During the first year of the COVID-19 pandemic, adults 50 and older led the way as most likely to increase their alcohol consumption, according to a 2022 study from researchers in California. “And for many individuals, that spike has been maintained,” says Lara Ray, a professor of psychology and psychiatry at the University of California, Los Angeles and a coauthor on the study.
That’s bad news when it comes to the health of older adults. The latest research indicates that alcohol consumption increases risks for more than 200 health problems, including heart disease, liver disease, depression, anxiety, stroke and cancer. And experts stress that those increased risks are incurred at every level of consumption — from a drink or two a day to heavier habits.
Scaling back alcohol use, however, can be difficult for many, including the more than 14 million U.S. adults with alcohol use disorder (AUD), which is defined as an impaired ability to stop or control alcohol use despite its known consequences. A variety of factors can play into people’s drinking patterns, including genetics, depression, anxiety and stress. And stigma often keeps people who are affected by alcohol from seeking help, according to the National Institute on Alcohol Abuse and Alcoholism (NIAAA).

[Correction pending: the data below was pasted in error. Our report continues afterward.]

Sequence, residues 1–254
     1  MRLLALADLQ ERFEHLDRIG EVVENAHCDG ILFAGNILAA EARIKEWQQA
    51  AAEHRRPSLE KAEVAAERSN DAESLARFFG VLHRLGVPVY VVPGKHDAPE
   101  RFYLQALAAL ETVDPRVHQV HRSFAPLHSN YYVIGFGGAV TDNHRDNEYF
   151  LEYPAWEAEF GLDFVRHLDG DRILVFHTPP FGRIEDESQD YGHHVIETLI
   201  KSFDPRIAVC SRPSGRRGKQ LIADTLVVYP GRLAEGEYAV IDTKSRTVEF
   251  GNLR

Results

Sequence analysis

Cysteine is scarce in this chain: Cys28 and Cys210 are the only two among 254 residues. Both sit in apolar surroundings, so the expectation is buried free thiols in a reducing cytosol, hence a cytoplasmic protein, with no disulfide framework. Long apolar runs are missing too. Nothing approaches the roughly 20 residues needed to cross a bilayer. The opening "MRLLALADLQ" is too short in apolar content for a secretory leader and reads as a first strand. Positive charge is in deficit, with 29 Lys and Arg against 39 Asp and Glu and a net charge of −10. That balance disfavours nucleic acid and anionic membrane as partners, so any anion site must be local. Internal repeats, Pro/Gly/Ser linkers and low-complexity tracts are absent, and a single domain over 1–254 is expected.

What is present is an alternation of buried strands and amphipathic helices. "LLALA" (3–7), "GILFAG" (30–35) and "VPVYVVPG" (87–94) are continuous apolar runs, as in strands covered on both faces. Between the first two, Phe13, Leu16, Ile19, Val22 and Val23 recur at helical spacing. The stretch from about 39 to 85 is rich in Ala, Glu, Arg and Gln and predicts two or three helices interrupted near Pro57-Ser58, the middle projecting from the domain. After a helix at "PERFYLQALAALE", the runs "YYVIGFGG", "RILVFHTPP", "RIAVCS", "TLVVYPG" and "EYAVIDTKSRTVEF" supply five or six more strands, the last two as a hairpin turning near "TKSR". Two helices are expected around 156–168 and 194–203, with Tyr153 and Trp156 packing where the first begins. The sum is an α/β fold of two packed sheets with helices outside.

The good news: There are a variety of treatment options that can help people curb — or quit — drinking. And what many people don’t know is that medication is one option on the menu.
What to know about medications for AUD
If you want to stop drinking, Nancy Beste, an addiction therapist in Steamboat Springs, Colorado, recommends talking to your doctor about the best way to do so. It may turn out that you’re a good candidate for one of three federally approved medications on the market.
• Disulfiram, which can be used after at least 12 hours without alcohol, causes unpleasant symptoms (nausea, vomiting, chest pain, sweating and weakness) if alcohol is consumed. The dosage is one pill a day.
• Acamprosate can be used after alcohol abstinence to alleviate anxiety, restlessness, dysphoria and insomnia as your brain adjusts to life without drinking. Typically, two pills are taken, three times a day.
• Naltrexone, which comes in pill form and as an injection, is generally useful for people at the lower levels of alcohol use severity. In fact, a recent study published in the American Journal of Psychiatry found that naltrexone helped to significantly reduce binge drinking among men with mild to moderate alcohol use disorder. It also reduces alcohol cravings and has helped patients curb overeating and smoking.